Home Articles The 2014 Budget what does it mean for government grants? $5 Billion...

The 2014 Budget what does it mean for government grants? $5 Billion in cuts but $8 Billion in new programs

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In short, the 2014 Budget means there will be fewer grants but more money is available.

The grant experts at Grant Ready have created this handy cheat sheet of what the 2014 Budget means for government grants. Check out what grants now apply to your startup and industry.

Less grants but more money

Funding programs have grown to 723 grant programs with over $50 billion awarded annually. This budget has sought to remove some of the duplication by combining programs to achieve greater efficiency and reduced administrative cost. As a result the number of grant programs will now drop to about 700 programs. However, the overall funding has not been reduced, in fact, it will increase.

Two of these new consolidated programs will be the Entrepreneurs’ Infrastructure Programme and the Industry Skills Fund.

Entrepreneurs’ Infrastructure Program

From January 2015, the Federal Government will replace a number of programs, including Commercialisation Australia, Enterprise Connect and the Textile, Clothing and Footwear programs.

(Editor’s note: Find out what the Budget means for the Australian startup ecosystem.)

This will provide an investment of $484.2 million over five years; the cessation of eight programs will save $845.6 million. The new program will provide services previously provided by the programs to be ceased, such as commercialisation of good ideas (currently the purview of Commercialisation Australia) and the facilitation of access to business management advice (an aspect of Enterprise Connect).

Industry Skills Fund

The establishment of the Industry Skills Fund will be delivered at a cost of $476M to deliver 121,500 training places and 74,300 support services. This program will replace ten different programs including the National Workplace Development Fund and Australian Apprenticeships Access Programme which will save the budget $1.0B. The new Industry Skills Fund will require business to make a co-contribution towards the cost of the training based on the business size.

The Medical Research Future Fund

The surprise of the budget, this endowment will be worth $20 billion, paid for by savings in the health portfolio. From 2015-16, the net earnings from the Fund will serve as a permanent revenue stream, primarily to the National Health and Medical Research Council (NHMRC). The Fund will distribute around $1.0 billion a year into medical research from 2022-23.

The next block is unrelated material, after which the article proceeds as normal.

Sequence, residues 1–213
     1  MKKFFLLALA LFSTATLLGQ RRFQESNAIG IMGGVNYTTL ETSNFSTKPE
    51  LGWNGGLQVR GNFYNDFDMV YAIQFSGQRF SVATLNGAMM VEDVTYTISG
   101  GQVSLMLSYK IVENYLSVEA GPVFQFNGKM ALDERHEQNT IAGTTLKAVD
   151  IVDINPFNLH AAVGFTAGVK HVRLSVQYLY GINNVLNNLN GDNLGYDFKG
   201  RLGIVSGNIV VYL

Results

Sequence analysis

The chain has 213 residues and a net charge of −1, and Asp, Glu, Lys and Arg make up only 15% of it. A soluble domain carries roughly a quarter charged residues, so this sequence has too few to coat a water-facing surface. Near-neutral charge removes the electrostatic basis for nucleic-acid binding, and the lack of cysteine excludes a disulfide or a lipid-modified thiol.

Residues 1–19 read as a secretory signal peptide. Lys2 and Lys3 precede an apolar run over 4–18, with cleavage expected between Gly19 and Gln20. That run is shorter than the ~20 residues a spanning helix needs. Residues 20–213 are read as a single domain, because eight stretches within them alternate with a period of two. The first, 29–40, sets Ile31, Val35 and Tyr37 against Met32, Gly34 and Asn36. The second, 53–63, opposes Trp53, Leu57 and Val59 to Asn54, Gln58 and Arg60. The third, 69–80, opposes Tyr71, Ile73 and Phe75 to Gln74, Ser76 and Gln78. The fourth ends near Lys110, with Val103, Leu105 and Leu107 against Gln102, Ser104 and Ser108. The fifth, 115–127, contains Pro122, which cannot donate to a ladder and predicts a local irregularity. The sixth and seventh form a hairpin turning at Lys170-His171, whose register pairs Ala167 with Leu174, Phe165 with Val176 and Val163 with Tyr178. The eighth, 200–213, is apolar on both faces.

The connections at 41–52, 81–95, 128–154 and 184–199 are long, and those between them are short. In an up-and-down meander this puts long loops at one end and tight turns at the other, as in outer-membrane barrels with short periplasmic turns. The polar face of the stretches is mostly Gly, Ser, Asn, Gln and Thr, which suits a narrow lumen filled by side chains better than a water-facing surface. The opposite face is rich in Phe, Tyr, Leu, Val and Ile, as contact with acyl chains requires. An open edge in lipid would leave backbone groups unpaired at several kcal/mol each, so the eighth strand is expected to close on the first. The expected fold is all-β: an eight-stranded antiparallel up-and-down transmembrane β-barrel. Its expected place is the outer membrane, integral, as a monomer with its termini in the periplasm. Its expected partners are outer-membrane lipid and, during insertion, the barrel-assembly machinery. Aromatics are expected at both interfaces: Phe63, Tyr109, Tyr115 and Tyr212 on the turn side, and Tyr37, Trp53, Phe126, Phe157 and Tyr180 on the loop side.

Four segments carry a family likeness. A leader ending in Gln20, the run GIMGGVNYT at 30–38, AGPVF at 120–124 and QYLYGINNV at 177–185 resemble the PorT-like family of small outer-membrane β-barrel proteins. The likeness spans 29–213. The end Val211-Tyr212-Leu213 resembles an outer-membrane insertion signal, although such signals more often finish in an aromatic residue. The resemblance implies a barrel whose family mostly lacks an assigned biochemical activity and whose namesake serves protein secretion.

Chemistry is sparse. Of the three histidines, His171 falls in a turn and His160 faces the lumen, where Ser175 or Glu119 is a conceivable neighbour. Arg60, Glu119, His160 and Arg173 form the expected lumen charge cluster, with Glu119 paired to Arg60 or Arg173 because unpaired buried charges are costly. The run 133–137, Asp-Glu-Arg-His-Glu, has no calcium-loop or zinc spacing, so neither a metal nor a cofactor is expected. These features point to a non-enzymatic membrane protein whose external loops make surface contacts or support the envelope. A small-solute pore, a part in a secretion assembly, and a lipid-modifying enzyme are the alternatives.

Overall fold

Minor changes to the R&D Tax Incentive

With the government committing itself to reduce the rate of company tax by 1.5% to in part account for the Paid Parental Leave Scheme, they have made a similar reduction in the R&D Tax Incentive. Both the refundable and non-refundable rates of R&D Tax Incentive will be reduced by 1.5% effective from 1 July 2014.

This reduction will have a minimal effect for companies currently receiving the non-refundable tax credit due to the reduction in their overall company tax rate. However, for companies who currently access the refundable rate, which don’t pay tax and therefore can’t offset the reduction in R&D Tax

Incentive benefit with the reduction in the company tax rate as a whole, this will mean a small, but real reduction in their benefit.

Growth Fund

The cessation of car manufacturing in Australia has brought about a number of changes in grants programs. The government has addressed this with a multi‐part program under the banner of Growth Fund. The Federal Government will contribute $100.6 million to the $155 million Growth Fund that has contributions from both Victorian and South Australian State Governments and Holden and Toyota.

This program will assist transition industry, businesses and individuals affected by the end of car manufacturing through five different programs.

Environment

With cessation of ARENA and environment related funding programs, $2.8 billion grant funding has been removed. However, with the introduction of the new Green Army Programme, the Reef 2050 Plan, Working on Country and Land Sector Package, Landcare Programme and Emissions Reduction Fund, the government has committed over $4.55 billion to the environment, through a range on initiatives that will likely involve major grant programs.

Exporters

The Export Market Development Grant (EMDG) program received an extra $50 million.

In addition, access is now easier with more grants on offer. Given our increasing number of free trade agreements, it is difficult for government to support exporters since tariffs and other measures are gone, so EMDG is a key way the government can help.

Tourism

Tourism Australia budget has been increased by an extra $50 million for a new grant scheme that helps small operators sell themselves in international markets. National Stronger Regions Fund

The National Stronger Regions Fund will invest $200 million each year over five years in local capital works projects to improve local communities, for a total investment of $1 billion. From 2015, the fund will enable councils and community groups to apply for grants between $20,000 and $10 million, to meet half the cost of community building projects.

Funding priority will be given to disadvantaged regions with a higher than average unemployment rate.

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